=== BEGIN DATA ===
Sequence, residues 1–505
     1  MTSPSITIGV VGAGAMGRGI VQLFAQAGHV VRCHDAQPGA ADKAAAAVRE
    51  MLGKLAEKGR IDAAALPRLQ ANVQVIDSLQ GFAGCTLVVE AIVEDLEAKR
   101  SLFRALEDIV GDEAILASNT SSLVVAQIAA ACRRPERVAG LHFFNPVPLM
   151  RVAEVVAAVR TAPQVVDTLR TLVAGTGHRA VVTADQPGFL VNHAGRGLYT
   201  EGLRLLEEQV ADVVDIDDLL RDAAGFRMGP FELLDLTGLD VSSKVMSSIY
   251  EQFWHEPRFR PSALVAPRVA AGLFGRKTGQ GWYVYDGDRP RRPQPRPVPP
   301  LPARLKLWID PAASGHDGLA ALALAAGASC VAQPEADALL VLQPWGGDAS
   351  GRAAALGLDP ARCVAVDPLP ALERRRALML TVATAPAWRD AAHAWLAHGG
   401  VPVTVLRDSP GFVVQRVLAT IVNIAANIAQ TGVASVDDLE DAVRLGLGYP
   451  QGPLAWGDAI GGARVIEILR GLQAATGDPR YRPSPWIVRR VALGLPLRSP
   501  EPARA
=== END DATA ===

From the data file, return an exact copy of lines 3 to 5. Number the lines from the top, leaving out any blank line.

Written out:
    51  MLGKLAEKGR IDAAALPRLQ ANVQVIDSLQ GFAGCTLVVE AIVEDLEAKR
   101  SLFRALEDIV GDEAILASNT SSLVVAQIAA ACRRPERVAG LHFFNPVPLM
   151  RVAEVVAAVR TAPQVVDTLR TLVAGTGHRA VVTADQPGFL VNHAGRGLYT